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The Socratic Club - 6th March

Our sessions began with a focus on how to find suitable evidence, how to process information and what to be aware of in a world of ‘fake news’. Both groups analysed different sources, looked at corrections pages for The Times, discussed the merits of the best websites for news information and learnt that much of this is nothing new. Evidence has always and will always contain an angle or bias, from the Bayeux Tapestry of the medieval world to the 6 o’clock news of the present.

Our topics for the day were both from the world of current affairs in these tragic and uncertain times. The first on nuclear weapons, the second on the plight of refugees.

Junior Socratic Club

We began with a nuclear disarmament debate on the motion:

'This House would stop Britain from having nuclear weapons (Trident)’.

Vote 1 – Y: 17%; N: 83%

Vote 2 – Y: 33%; N: 67%

We started by covering some of the background to the Cuban Missile Crisis - a worryingly contextual topic for the present. Few debates have so engrossed the group, and in the first telling, a strong majority saw Britain’s nuclear deterrent as an essential weapon of defence and of importance on the world stage. It was widely felt that to remove it would be to limit British influence and weaken NATO. At the same time all saw fit to make the point that non-proliferation was essential to the world. However, that was seen as a hope and aspiration. Arguments of a better world saw the majority/margin fall slightly, but the motion failed again to pass at the second telling.

We then followed this debate by a brief discussion on the Ukraine refugee crisis and whether Britain should do more. The motion:

'This House believes Britain should take more refugees'.

Vote 1 – Y: 67%; N: 33%

There was not time for a full debate, and we will continue this next session, but the majority felt more should be done to take more refugees in the UK. It was, nevertheless, recognised that it was not as simple as just letting someone have access to the country and proper provision must be made so that those that need help receive the right housing, healthcare and education on arrival and for the duration of the time required. Time and again the group came back to the need for proper planning. Excellent debating by all.

Senior Socratic Club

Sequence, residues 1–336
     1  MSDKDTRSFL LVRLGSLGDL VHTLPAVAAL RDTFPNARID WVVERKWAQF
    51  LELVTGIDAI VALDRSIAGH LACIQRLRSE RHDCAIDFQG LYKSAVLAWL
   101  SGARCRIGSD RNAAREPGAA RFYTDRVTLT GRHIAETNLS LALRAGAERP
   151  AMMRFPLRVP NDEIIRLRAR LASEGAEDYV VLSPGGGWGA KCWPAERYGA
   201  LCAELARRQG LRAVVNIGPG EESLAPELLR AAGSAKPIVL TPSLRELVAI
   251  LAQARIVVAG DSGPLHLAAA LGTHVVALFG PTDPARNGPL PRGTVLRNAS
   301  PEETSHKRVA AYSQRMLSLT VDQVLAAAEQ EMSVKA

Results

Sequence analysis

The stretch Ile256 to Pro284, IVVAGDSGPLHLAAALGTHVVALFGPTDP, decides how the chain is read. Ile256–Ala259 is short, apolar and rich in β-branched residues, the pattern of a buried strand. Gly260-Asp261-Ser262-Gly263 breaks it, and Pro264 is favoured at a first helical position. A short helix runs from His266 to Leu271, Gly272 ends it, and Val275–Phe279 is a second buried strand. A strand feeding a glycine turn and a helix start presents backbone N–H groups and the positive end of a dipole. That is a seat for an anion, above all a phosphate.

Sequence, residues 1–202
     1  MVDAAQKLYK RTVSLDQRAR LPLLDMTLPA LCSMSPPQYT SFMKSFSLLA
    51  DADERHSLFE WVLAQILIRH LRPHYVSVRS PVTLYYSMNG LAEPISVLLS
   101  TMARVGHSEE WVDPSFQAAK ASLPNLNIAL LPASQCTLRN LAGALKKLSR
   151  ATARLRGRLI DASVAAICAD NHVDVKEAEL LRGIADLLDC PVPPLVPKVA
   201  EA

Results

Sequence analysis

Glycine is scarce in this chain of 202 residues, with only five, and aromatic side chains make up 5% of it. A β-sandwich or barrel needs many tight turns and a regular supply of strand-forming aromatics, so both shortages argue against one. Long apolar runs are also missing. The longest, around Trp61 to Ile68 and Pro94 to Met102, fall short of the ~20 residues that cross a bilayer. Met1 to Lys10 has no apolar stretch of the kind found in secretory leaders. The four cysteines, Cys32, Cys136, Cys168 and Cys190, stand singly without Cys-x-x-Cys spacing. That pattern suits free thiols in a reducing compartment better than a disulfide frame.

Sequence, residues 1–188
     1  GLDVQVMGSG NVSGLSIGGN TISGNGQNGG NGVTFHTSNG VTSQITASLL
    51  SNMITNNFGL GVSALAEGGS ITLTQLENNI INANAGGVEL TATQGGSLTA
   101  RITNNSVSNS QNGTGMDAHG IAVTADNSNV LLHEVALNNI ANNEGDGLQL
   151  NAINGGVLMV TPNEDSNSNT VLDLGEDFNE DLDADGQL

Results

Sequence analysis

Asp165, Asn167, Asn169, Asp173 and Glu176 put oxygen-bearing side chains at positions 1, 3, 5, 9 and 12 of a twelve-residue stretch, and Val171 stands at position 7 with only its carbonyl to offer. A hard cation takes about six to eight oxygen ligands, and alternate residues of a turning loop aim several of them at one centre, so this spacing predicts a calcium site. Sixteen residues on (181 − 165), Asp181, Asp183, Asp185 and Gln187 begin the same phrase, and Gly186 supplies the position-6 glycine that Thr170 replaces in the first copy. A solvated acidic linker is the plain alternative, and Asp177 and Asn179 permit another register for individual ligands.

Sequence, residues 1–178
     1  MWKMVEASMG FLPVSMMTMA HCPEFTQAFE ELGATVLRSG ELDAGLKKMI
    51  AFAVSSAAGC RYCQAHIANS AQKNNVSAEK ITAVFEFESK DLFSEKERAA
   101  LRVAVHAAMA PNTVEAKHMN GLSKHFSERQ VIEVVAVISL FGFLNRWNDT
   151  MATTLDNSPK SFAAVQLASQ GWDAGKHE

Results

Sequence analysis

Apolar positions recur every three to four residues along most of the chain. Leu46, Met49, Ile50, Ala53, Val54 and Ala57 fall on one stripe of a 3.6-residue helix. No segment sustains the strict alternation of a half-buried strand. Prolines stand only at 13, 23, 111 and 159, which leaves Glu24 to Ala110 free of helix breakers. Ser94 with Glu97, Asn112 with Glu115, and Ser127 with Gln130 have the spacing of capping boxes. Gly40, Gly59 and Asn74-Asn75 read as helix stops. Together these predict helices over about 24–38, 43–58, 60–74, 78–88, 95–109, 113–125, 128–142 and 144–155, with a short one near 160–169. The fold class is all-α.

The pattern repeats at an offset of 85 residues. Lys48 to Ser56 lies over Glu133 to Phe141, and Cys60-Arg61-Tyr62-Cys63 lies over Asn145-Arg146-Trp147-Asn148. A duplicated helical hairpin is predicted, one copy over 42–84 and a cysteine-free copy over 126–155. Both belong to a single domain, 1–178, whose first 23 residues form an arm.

As with the Junior group, our focus for the Senior Club followed nuclear non-proliferation and the historical background of the Cuban Missile Crisis as well as beginning to look at the topic of refugees and what should be done by Britain.

'This House would stop Britain from having nuclear weapons (Trident)’.

Vote 1 – Y: 60%; N: 40%

Vote 2 – Y: 20%; N: 80%

By contrast with the Junior group, the Senior group began with a majority vote in favour of the removal of Britain's nuclear power/capabilities. However, at the second telling this was overturned dramatically, with a full swing rejection of the motion. It was wonderful to see 'Active Listening' playing a key role in changing minds and the debating quality and argumentation throughout was first class. Ultimately, it was expressed that although in a perfect world there would be no place for nuclear weapons, both during the Cold War and now in the current climate, they were a necessary evil and if we didn't have them, then others would. In summary, nuclear weapons (Trident) it was said, gave Britain: power, influence and defensive capabilities to project our values across the world. The rule of law was emphasised too. Wonderful debating all round!

We then began a brief discussion of the humanitarian disaster/crisis for Ukrainian refugees:

'This House believes Britain should take more refugees'.

Vote 1 – Y: 100%; N: 0%

There was not time for a full debate, but the group was unanimous in calling for the Government to do more, whilst also recognising the need to plan and to provide adequate resources. We will tackle this question in more detail next time.

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